Page:Dictionary of National Biography volume 10.djvu/173

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by marrying again.' Still he commends the 'Wyf of Bathe' — i.e. the prologue to her tale — to his friends' reading. But these lines 'were written sotfte years after his wife died, and their raillery must not be taken too seriously. However, Chaucer's troubles did ^ not seem to have prostrated him. In or about 1388, in April, the famous pilgrimage to Canterbury took place, for there can be little doubt that in the prologue to the 'Canterbury Tales' he is referring to an actual pilgrimage. If it took place m April 1388, it was just before he sold his pensions, so that he must have spent at the Tabard and on the road to Canterbury some of the last coins he had to spend.

For a while the sky cleared for him in the summer of 1389. It is probably a mistake to connect the improvement in his fortunes, as is commonly done, with the return of John of Gaunt from Spain. In fact, John of Gaunt did not return till November, whereas Chaucer received a new appointment in July. The improvement is really to be connected with the king's reassertion of his authority. In May the king freed himself from the council that for some two and a half years had so closely controlled him, and the party at whose instance Chaucer had been ousted from the customs ceased to have power. But he was not restored to his old places. We presume that those who succeeded him in 1386 were appointed for life ; and there appears to have been a genuine dissatisfaction witli the way in which he had performed the duties of the comptrollerships. He was now appointed clerk of the king's works at the palace of Westminster, Tower of London, castle of Berkhampstead, the king's manors of Kennington, Eltham, Clarendon, Sheen, Byfleet, Childeni Langley, and Feckenham ; also at the royal lodge at Hatherburgh in the New Forest, at the lodges in the parks of Clarendon, Childem Langley, and Feckenham, and at the mews for the king's falcons at Charing Cross. His duties are minutely stated in the patent. Fortunately for the poet, he was permitted to execute them by deputy. In July 1390 he was ordered to procure workmen and materials for the repair of St. George's Chapel, Windsor, and also made a member of a commission to repair the Thames banks between Woolwich and Greenwich. In January 1391 he nominated John Elmhurst to be his deputy in the clerkship. Then came trouble again. In September we find one John Gedney holding the place that has been given to Chaucer. Of the cause of this supersession nothing whatever is known. It certainly looks as if Chaucer did not succeed as a man of business. But another place was found for him about the same time. In 14 Richard II (1390-1) Richard Brittle and 'Gefferey' Chaucer were appointed by Roger Mortimer, earl of March, foresters of North Petherton Park, Somersetshire, and in 21 Richard II (1397-8) Alienora, Roger Mortimer's wife, reappointed Chaucer sole forester. Roger Mortimer, it will be remembered, was the grandson of the Duchess of Clarence, to whose husband's household the poet was attached in youth (Collinson, Somersetshire, iii. 62; Mr. Selby, in Athen. 20 Nov. 1886).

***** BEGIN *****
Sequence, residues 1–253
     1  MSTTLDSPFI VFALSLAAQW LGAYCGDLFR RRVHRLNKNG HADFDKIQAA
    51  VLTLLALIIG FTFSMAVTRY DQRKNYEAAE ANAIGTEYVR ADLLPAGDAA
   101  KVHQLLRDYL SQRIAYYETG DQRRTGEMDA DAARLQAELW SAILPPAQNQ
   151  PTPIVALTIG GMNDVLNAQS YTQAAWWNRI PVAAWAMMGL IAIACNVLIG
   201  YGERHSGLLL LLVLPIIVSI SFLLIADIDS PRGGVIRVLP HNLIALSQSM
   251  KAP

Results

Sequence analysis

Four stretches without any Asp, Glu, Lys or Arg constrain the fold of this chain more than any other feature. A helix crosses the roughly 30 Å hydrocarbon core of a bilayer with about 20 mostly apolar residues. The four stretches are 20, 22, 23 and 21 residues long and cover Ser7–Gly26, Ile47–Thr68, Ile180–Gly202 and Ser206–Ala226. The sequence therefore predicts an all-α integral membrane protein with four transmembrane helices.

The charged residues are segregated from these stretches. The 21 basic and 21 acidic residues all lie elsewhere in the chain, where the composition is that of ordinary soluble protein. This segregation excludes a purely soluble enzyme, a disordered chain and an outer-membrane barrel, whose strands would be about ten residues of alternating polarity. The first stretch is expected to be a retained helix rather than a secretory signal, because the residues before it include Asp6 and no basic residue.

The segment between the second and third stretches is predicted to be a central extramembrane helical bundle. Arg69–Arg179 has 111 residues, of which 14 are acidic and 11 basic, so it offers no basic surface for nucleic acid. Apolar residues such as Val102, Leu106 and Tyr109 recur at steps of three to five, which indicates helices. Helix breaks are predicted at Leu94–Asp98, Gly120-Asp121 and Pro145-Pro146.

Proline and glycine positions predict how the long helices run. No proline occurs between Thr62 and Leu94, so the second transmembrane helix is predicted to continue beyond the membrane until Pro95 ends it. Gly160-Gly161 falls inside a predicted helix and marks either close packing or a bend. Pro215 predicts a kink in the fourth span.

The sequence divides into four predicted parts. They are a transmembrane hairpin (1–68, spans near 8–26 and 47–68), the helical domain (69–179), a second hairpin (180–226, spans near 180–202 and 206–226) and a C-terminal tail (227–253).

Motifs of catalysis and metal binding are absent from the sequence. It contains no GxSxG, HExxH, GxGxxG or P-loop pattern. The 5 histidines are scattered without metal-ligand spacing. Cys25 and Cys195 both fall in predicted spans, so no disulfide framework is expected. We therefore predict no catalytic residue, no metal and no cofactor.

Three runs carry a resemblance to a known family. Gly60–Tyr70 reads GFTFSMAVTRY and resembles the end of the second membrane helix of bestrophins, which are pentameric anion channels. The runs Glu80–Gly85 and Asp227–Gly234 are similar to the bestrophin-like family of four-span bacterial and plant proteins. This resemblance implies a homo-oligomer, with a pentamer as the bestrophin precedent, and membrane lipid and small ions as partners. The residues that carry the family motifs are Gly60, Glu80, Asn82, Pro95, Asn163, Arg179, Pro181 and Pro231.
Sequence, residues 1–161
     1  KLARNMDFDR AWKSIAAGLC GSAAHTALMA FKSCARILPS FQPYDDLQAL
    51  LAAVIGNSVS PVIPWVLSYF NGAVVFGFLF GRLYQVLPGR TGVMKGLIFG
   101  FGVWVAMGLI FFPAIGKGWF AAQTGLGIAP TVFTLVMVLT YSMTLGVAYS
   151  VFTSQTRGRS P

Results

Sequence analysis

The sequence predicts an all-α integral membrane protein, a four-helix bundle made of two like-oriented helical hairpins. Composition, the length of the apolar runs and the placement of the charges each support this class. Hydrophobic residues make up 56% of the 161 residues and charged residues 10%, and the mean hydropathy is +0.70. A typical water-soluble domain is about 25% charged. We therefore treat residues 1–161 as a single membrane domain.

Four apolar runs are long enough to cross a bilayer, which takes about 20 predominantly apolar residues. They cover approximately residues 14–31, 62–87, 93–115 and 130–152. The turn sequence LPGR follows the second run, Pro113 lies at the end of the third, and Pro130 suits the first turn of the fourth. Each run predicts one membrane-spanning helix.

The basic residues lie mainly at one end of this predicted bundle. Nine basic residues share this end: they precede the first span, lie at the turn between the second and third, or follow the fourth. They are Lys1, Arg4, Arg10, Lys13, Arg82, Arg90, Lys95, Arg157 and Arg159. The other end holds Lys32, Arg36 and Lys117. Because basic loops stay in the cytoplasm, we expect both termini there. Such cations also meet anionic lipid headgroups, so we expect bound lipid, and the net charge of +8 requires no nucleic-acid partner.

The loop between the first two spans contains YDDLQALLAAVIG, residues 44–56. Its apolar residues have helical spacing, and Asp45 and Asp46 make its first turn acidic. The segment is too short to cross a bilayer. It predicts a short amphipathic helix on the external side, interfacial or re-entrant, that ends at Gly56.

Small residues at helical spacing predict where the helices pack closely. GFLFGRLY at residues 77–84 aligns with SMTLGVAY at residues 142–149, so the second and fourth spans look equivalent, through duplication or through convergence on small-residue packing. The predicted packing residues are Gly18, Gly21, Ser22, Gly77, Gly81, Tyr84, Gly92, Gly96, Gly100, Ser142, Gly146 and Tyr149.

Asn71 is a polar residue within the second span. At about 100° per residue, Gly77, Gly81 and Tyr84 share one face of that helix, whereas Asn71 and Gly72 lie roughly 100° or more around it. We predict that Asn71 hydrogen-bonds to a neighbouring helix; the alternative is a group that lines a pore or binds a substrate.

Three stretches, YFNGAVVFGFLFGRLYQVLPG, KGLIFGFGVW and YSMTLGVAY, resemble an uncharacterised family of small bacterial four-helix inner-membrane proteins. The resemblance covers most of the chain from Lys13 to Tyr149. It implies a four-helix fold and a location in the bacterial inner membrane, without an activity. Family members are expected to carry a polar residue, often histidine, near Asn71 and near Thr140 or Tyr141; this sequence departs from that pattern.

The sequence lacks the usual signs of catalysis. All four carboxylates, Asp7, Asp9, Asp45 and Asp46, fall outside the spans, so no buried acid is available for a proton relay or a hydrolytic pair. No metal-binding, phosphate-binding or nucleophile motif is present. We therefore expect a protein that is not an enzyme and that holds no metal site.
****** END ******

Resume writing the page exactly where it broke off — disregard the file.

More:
One incident of his personal life at this time is preserved. On Tuesday, 9 Sept. 1390, he was 'feloniously despoiled' twice in one day, at Westminster of 10/. by one Richard Brerelay, and at Hatcham of 9l. 3s. 6d. by that same Brerelay, along with three others. Probably enough Chaucer was going from Westminster to Eltham. It was at the 'fowle' oak at 'Hacchesham,' a little to the west of New Cross, that he fell among thieves the second time. The writ, dated Eltham, 6 Jan. 1391, discharging him for repayment, speaks of the whole robbery as perpetrated at 'le fowle ok.' It adds that his horse was also taken from him 'et autres moebles' (see Mr. Walford D. Selby's Robberies of Chaucer, Chaucer Soc. 2nd ser. No. 12).

He had now for some two years and a half to subsist as well as he could on John of Gaunt's pension of 10l., his salary as forester, and whatever wages, if any, he received as the king's esquire. It is not till 1394 that he obtained from King Richard a grant of 20l. for life. That, even with this addition, it went hard with him, may be justly concluded from his frequent anticipation of the pavments due every half-year — at Easter and Michaelmas. Thus: 1 April 1395 he procures an advance of 10l., 25 June 10l., 9 Sept. 1l. 6s. 8d., 27 Nov. 8l. 6s. 8d. So on 1 March 1396 the balance he had to receive was only 1l. 13s. 4d. Yet 30l. would be equivalent to some 400l. of our money. From 1391 to 1399 Chaucer seems to have had much pecuniary difficulty. In 1397, when he was reappointed forester of North Petherton, we find him having 5l. advanced in July, and in August 6l. In May 4388 letters of protection were issued to the effect that whereas the king had appointed his beloved esquire Geotfrey Cliaucer to perform various arduous and urgent duties in divers parts of the realms of England, and the said Geoffrey, fearing that he might be impeded in the execution thereof by certain enemies of his by means of various suits, had prayed the king to assist him therein, therefore the king took the said Geoffrey, his tenants, and property into his special protection, forbidding him for two whole years to be